Politics South Carolina business leaders push for hate crimes legislation
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Nearly 100 businesses in South Carolina renewed their call Monday for state lawmakers to pass hate crimes legislation during the current legislative session.
The South Carolina Chamber of Commerce is spearheading the effort and held a virtual news conference that included national- and state-based companies that support the proposed bill.
South Carolina is one of three states in the country without some type of hate crimes law, with Arkansas and Wyoming being the other two. Business leaders in those states also are pushing for similar legislation.
“Last summer was a turning point for many in the business community and reminded each of us that diversity, equity and inclusion make us stronger and more productive,” South Carolina Chamber of Commerce Interim CEO Swati Patel said in a statement. “We were also reminded that South Carolina remains one of three states without a hate crimes law. It is time for the General Assembly to pass a hate crimes law this session.”
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Patel also said the business community is appreciative of the efforts of House Speaker Jay Lucas, R-Darlington, who created a House Equitable Justice and Law Enforcement Review Committee to address the issue.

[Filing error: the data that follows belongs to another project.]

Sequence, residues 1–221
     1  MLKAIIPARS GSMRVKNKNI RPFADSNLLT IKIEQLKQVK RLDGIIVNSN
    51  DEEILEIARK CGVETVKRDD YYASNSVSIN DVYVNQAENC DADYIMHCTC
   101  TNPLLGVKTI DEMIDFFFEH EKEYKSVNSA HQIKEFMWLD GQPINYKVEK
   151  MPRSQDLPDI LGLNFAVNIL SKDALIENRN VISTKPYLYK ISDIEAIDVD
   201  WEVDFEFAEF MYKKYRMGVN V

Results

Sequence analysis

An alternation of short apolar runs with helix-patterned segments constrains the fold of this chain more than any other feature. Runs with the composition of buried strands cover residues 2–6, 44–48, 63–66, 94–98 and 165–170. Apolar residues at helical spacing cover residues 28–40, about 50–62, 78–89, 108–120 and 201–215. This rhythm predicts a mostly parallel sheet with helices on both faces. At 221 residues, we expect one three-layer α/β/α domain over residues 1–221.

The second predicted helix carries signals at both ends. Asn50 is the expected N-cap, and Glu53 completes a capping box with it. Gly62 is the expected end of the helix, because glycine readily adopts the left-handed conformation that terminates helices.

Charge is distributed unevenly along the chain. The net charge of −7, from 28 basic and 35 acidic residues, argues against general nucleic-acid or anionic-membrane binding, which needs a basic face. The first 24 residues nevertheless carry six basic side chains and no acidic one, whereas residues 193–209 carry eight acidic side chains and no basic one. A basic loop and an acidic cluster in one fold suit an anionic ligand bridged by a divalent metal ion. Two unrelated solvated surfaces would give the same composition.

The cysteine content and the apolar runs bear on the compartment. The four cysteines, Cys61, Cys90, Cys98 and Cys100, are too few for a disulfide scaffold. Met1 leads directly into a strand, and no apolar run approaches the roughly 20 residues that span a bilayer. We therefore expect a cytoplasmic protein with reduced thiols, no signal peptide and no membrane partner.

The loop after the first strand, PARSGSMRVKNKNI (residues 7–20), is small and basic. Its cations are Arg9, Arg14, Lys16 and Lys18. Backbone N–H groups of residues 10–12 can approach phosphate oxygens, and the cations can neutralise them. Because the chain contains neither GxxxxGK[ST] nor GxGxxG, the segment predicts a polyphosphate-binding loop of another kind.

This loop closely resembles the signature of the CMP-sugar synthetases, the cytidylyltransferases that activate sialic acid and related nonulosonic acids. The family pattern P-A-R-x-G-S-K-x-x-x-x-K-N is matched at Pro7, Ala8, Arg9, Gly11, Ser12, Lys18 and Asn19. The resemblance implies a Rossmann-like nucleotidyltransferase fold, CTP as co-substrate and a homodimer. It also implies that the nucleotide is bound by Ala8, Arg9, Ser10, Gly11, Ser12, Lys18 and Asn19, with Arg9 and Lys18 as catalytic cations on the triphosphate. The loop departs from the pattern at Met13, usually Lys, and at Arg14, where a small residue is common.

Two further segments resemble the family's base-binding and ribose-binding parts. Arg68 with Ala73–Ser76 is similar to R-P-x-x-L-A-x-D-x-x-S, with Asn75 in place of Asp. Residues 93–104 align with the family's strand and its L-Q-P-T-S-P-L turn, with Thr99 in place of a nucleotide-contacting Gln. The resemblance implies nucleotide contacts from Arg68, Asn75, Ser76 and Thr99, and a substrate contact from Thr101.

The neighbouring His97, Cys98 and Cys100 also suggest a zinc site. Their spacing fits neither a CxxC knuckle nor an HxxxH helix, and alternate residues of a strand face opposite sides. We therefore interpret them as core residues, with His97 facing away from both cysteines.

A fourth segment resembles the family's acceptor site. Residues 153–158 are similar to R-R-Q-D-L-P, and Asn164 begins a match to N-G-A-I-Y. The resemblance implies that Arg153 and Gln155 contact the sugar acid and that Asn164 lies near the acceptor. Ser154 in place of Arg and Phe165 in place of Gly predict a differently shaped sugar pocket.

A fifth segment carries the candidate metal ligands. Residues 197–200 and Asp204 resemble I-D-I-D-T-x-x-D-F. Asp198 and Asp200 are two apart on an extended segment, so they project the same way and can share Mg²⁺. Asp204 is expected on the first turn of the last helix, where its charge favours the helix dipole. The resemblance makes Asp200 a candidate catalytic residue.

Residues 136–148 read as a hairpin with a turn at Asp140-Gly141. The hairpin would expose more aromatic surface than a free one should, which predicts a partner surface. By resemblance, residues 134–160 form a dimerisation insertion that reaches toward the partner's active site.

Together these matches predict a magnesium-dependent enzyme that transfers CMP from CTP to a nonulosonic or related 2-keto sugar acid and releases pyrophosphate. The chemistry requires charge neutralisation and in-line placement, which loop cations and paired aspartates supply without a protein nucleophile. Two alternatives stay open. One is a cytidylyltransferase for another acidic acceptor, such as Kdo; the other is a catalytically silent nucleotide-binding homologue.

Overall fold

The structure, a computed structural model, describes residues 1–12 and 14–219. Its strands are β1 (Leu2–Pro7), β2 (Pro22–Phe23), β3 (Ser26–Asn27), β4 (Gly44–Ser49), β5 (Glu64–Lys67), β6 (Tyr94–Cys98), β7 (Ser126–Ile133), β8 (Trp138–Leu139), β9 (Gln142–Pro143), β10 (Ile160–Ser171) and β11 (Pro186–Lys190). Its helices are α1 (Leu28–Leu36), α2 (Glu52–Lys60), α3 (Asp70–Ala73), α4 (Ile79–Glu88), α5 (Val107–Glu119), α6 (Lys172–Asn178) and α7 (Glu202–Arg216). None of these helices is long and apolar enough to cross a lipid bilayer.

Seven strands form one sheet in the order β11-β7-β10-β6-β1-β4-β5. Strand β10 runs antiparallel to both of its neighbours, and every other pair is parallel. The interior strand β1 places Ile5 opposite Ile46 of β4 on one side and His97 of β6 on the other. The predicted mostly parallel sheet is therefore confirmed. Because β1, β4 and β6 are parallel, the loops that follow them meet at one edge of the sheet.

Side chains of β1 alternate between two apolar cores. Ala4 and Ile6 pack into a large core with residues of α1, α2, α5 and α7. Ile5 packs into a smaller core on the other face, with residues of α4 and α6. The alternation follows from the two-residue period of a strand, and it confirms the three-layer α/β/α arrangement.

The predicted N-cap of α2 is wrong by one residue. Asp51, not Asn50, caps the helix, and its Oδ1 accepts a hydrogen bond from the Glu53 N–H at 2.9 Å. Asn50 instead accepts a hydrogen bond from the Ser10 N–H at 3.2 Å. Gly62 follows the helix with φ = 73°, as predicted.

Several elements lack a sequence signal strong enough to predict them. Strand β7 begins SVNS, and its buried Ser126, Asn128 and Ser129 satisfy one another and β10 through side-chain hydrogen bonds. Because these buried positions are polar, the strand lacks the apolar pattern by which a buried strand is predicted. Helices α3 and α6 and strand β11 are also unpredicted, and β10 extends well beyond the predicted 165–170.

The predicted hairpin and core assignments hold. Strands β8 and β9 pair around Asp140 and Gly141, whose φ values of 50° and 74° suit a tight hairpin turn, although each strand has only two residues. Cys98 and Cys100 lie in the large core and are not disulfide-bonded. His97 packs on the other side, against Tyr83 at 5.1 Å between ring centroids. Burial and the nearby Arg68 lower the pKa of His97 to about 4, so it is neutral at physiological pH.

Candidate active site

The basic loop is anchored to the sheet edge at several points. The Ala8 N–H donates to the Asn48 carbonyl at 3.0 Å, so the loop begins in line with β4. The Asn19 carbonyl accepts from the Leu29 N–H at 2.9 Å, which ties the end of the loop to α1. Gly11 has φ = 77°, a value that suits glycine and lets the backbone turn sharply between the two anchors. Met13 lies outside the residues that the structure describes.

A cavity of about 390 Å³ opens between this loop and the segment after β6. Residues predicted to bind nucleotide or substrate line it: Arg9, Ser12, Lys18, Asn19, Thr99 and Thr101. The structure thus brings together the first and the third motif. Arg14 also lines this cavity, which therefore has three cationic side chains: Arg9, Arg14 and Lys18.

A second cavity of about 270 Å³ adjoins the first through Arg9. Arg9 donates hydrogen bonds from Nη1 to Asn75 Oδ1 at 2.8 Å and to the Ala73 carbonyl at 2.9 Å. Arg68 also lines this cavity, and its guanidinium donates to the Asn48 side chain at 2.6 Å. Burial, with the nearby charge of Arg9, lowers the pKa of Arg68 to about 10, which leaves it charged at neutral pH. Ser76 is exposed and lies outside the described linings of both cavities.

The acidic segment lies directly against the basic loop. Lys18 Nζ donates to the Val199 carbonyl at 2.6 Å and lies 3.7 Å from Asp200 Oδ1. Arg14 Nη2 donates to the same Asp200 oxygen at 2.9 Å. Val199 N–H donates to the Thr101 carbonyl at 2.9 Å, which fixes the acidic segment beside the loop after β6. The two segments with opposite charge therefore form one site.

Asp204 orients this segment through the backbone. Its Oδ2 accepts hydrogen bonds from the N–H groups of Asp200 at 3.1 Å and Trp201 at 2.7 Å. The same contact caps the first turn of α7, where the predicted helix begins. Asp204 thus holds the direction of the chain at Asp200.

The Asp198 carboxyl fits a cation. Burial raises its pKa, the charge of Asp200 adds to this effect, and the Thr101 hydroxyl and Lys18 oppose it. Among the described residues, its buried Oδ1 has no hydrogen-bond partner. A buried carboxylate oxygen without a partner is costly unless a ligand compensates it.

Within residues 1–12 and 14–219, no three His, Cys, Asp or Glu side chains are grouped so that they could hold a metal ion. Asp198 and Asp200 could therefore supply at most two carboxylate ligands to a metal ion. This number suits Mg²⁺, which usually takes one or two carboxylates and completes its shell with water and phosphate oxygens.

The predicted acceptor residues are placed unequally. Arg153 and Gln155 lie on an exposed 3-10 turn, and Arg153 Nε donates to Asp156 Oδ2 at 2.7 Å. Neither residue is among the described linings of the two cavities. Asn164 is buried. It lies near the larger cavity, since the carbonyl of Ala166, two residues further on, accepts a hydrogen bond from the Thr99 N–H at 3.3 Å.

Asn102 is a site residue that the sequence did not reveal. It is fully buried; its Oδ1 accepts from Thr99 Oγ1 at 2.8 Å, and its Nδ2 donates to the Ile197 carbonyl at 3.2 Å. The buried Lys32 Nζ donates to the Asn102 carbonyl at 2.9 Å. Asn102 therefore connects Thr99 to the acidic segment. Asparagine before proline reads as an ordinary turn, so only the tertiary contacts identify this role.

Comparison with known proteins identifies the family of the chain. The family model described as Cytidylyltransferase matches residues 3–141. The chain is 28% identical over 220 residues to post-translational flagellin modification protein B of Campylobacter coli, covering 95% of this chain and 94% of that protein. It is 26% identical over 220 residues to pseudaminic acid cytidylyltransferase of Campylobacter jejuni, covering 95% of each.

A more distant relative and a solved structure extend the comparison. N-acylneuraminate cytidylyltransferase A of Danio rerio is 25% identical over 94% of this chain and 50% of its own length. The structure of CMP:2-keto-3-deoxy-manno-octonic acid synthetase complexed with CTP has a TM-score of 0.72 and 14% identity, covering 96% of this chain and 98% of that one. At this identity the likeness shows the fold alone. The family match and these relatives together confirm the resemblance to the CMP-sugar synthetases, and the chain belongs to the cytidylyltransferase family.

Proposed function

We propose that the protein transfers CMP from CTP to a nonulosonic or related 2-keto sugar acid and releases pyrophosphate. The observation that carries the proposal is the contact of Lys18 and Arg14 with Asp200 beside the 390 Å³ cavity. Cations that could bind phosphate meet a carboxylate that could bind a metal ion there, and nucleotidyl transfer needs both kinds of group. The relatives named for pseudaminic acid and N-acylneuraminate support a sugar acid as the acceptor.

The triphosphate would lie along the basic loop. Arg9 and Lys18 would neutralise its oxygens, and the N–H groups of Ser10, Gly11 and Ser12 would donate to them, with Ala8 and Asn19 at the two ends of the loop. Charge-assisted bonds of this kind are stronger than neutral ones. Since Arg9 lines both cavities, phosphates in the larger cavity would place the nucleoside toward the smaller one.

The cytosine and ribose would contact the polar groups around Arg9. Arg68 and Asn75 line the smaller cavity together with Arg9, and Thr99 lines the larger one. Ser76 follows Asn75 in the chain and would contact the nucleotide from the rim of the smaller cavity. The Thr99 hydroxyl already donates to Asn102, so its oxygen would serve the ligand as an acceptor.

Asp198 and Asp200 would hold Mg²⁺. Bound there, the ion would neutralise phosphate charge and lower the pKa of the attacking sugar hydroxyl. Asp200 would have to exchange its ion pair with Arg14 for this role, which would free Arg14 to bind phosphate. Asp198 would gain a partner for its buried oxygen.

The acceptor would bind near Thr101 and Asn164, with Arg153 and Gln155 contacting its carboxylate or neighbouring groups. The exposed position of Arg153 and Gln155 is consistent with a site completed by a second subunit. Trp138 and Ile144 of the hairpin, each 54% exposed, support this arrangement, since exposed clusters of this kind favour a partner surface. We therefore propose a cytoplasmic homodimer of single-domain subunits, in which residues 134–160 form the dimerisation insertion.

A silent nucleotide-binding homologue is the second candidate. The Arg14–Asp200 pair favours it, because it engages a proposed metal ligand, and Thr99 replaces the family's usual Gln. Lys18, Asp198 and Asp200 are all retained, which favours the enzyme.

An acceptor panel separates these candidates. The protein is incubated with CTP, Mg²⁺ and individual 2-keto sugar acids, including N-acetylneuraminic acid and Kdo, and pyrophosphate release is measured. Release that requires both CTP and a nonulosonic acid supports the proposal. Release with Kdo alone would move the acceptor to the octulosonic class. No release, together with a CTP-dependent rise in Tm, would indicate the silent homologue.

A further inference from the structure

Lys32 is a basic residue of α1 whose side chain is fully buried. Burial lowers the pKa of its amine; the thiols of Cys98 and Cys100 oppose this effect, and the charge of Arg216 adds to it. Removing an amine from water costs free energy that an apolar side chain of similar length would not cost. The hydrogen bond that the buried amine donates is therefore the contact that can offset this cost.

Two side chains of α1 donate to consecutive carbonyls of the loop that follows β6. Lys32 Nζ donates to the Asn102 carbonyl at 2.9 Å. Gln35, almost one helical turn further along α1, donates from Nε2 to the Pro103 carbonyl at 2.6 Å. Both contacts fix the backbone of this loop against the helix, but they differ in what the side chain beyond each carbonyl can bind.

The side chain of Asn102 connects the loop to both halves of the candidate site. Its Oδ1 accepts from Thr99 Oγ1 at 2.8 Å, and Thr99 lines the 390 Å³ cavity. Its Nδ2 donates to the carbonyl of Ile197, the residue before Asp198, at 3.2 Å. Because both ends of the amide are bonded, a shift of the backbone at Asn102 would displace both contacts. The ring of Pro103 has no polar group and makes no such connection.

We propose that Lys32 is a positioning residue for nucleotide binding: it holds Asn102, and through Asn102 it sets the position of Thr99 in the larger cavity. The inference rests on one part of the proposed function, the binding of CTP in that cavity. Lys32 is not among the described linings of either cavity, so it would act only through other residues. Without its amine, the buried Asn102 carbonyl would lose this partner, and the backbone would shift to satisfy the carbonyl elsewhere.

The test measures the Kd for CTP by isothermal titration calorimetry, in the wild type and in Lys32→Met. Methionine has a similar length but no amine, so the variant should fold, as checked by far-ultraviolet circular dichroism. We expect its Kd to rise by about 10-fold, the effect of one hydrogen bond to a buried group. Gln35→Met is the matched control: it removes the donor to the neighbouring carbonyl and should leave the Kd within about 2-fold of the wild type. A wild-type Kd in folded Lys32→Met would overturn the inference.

, which has bipartisan support, was introduced in early January but has not moved beyond the committee level. If passed, it would allow for harsher penalties for crimes such as killings, assault, stalking and vandalism based on the victim’s race, sexual orientation, religious beliefs or disability.
The House Criminal Statutory Review Subcommittee last summer took hours of testimony on the matter and drafted the bill. For it to become law during this legislative session, it must pass the full House and be sent to the South Carolina Senate by April 10.
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“We ask the House to finish the good work it started last summer and quickly pass HB 3620,” Patel said.
The chamber delivered a letter to the General Assembly last year asking for a hate crimes bill to be passed. The letter referenced the 2015 shooting at Mother Emanuel Church in Charleston that left nine Black people dead, and it also said Georgia, the only neighboring state to South Carolina that did not have a similar law, passed one earlier in 2020.
Joining the chamber in support of the legislation are several local chambers of commerce, the South Carolina Association of Realtors, the state AARP chapter and major national employers that have a presence in the state, including Walmart, UPS, IBM, CVS and Wells Fargo.
The chamber also created ato track progress on the bill.
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Original Author: Ted O'Neil, The Center Square
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